Night flying is generally smoother and features less communications traffic congestion than daytime flying. But …
ETOPS is an acronym for Extended Operations. The term used to signify Extended Range Operation with Two-Engine Airplanes but the meaning was changed by the US FAA when regulations were broadened to include aircraft with more than two engines. It refers to the standards and recommended practices (SARPS) issued by ICAO for Part 121 aircraft to fly long-distance routes that had been off-limits to twin-engined aircraft, and subsequently to extended range operations of four-engined aircraft (such as the Boeing 747-8 Intercontinental).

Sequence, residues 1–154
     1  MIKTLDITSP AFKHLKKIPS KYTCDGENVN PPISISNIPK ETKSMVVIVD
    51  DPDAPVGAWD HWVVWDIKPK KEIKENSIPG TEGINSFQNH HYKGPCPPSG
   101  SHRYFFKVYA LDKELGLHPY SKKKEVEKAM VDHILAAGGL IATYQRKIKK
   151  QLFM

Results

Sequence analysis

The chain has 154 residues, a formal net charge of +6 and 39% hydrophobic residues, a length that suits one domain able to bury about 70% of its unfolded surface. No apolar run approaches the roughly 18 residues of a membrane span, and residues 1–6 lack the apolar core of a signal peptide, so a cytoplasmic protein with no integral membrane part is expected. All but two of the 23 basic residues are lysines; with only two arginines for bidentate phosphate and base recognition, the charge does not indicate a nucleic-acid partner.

There are different levels of ETOPS certification, each allowing aircraft to fly on routes that are a certain amount of single-engine flying time away from the nearest suitable airport. For example, if an aircraft is certified for 180 minutes, it is permitted to fly any route not more than 180 minutes single-engine flying time to the nearest suitable airport.
ETOPS applies to twins on routes with diversion time more than 60 minutes at one engine inoperative speed. For rules that also cover more than two engines, as in the case of the FAA, ETOPS applies on routes with diversion time more than 180 minutes for airplanes with more than two engines.
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